The Filipino Channel’s Balitang America
Text, photo and video by Ted Regencia (VO by Balitang America)
CHICAGO — Myra de la Vega is a single mother from the province of Laguna; Dan Coyne is a husband and father of two from the state of Ohio. Their lives are worlds apart, but they fortuitously intersected in Chicago. It’s an unlikely story between two strangers, who now share a lifetime bond.
Three years ago, Coyne, a resident of the near north Chicago suburb of Evanston, was doing his grocery at Jewel, when he struck a conversation with the cashier, de la Vega.
“She’s the type of employee that is hard to train or educate. It’s in her heart. She just treats all people, all her customers with respect,” Coyne told this reporter. “When you’re shopping at the store, you want to go through her grocery store line.”
Coyne later learned that de la Vega’s kidneys were failing and she needed a transplant to live.
As a devout Christian, he promised to pray for her. But he did more than just give lip service. After consulting his wife and two children, the Chicago Public School social worker decided to become de la Vega’s kidney donor.
“She wasn’t sure about this crazy customer offering a kidney. She thought, well, here’s this Irish American offering a kidney to a Filipino American, and in that context she’s a little bit cautious,” Coyne said.
De la Vega’s reluctance was partly because she was hoping to receive a kidney from a relative, who was set to arrive from the Philippines. That plan, however, fell through, and dela Vega’s hesitation turned to desperation.
For the second time, Coyne made the offer. Coyne and his children Isaac and Julia delivered the good news to de la Vega at the store: The medical tests showed their kidneys were compatible, and the surgery can proceed.
Coyne’s wife Emily, a social worker and registered nurse, credited his upbringing for helping someone they barely knew. The couple met at a Goshen College, a Mennonite school in Indiana.
“He said, ‘I feel like I really should do this, I’m really supposed to do this,’” Emily recalled him saying. “You do? Oh. It became a God thing. Is this god telling you what to do? Well, we better pay attention to that.”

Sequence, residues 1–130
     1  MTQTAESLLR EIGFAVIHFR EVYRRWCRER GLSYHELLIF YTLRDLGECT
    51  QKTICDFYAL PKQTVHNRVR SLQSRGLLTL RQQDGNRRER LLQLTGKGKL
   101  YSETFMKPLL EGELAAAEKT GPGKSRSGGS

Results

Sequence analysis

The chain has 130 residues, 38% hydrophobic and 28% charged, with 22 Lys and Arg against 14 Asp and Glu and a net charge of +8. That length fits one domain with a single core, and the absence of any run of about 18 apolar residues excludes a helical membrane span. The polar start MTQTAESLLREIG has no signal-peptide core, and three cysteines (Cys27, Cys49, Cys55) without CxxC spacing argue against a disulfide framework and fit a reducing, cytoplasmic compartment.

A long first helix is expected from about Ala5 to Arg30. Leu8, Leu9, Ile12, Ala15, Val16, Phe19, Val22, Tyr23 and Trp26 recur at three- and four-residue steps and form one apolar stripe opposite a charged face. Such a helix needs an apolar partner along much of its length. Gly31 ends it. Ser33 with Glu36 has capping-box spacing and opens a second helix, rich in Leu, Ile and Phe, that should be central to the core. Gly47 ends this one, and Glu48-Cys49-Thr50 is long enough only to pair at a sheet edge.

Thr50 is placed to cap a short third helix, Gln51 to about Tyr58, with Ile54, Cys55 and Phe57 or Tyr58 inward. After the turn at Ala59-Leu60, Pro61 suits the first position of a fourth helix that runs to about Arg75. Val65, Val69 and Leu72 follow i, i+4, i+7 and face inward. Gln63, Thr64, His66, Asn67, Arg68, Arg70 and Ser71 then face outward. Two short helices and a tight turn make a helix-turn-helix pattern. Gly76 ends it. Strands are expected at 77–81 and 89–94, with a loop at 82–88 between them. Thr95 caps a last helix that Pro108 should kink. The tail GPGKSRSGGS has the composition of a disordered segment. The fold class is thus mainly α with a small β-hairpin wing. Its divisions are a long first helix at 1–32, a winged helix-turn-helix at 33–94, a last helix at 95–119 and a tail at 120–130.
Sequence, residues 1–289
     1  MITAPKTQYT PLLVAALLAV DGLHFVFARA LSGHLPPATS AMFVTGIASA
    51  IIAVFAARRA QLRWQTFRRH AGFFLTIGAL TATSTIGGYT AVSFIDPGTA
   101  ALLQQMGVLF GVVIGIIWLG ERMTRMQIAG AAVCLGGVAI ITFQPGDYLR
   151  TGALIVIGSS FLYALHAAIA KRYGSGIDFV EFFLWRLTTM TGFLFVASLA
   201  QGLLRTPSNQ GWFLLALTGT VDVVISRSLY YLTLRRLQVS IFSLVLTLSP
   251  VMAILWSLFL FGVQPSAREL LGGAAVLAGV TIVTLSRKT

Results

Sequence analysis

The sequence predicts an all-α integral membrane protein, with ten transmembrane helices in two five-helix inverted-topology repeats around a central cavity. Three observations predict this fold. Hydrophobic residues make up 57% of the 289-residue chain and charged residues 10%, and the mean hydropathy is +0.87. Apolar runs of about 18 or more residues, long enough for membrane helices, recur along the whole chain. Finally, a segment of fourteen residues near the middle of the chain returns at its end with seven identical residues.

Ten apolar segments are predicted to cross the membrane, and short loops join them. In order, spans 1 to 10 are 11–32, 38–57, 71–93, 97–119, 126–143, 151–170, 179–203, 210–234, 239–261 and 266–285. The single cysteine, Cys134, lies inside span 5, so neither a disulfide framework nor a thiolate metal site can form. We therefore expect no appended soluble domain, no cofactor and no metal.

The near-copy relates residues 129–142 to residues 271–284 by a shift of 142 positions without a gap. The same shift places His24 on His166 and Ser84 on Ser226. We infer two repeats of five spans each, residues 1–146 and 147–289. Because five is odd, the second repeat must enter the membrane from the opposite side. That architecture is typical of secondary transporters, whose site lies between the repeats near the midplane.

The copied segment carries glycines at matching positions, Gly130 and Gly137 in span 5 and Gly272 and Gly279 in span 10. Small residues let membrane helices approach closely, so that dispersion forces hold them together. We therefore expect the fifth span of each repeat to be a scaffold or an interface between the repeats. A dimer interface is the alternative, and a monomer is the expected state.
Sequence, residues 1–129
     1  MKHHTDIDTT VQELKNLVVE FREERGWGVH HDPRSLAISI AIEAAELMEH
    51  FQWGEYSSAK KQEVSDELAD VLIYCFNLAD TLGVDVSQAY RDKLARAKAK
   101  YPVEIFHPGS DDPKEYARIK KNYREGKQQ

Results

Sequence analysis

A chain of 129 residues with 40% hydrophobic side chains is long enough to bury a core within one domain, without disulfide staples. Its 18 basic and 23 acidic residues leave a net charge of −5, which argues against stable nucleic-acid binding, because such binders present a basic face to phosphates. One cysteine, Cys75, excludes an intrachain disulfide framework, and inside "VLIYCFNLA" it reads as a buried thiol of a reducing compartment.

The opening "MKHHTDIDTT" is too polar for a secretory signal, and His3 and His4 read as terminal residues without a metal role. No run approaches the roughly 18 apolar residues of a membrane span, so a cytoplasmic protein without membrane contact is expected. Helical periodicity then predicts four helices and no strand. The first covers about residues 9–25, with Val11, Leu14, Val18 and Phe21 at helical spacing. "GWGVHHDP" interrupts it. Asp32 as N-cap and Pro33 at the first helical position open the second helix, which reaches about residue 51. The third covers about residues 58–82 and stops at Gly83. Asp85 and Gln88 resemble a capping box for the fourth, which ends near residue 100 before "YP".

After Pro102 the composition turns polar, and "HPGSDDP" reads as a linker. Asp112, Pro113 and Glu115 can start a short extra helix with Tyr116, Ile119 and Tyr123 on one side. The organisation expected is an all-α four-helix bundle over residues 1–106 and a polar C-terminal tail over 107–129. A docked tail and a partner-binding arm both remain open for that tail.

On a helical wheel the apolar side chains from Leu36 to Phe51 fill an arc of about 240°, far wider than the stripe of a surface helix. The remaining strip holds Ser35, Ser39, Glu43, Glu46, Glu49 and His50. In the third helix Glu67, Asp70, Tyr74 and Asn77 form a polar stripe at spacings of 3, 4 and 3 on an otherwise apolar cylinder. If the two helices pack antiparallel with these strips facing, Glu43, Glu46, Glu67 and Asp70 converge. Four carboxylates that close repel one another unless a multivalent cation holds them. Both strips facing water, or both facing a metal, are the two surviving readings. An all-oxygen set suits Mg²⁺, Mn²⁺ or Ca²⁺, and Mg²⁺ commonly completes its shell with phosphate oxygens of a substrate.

After months of preparation and more tests, the surgery was conducted March 26, at Northwestern Hospital in downtown Chicago.
“I’m so blessed that God has given me a second chance. That God gave me a Dan Coyne, an angel,” de la Vega said in an exclusive interview, a day after being released from the hospital. “I call him Kuya (big brother) Dan now.”
Coyne was released a day ahead of dela Vega, and two days after, he was up and about doing his daily exercise.
“I’m doing great. I mean, for having your kidney taken out of your body, I’m surprised how well I feel,” Coyne said. He even brought de la Vega a box of chocolate a day after the hospital discharged her.
Around 85,000 people are in need of kidney transplant in the united states, and the odds of finding a match is one in four thousand. By donating, Coyne hopes to inspire others to do the same.
“I think, we who serve him, need to also give to others with no strings attached. the beauty of giving a gift to somebody else, is that it just keeps on giving,” Coyne said.
For dela Vega, it’s simply a gift of life and many more year to spend with her own children.
“Besides God. These kids, I always look at their faces whenever I feel so depressed, I will always say, ‘Oh my God, the kids, they need a mom. I cannot die,’” she said.
Dela Vega, a development communications graduate from the University of the Philippines Los Banos, said that with her personal experience, she also hopes to become an advocate in helping formulate an organ transplant policy in the Philippines.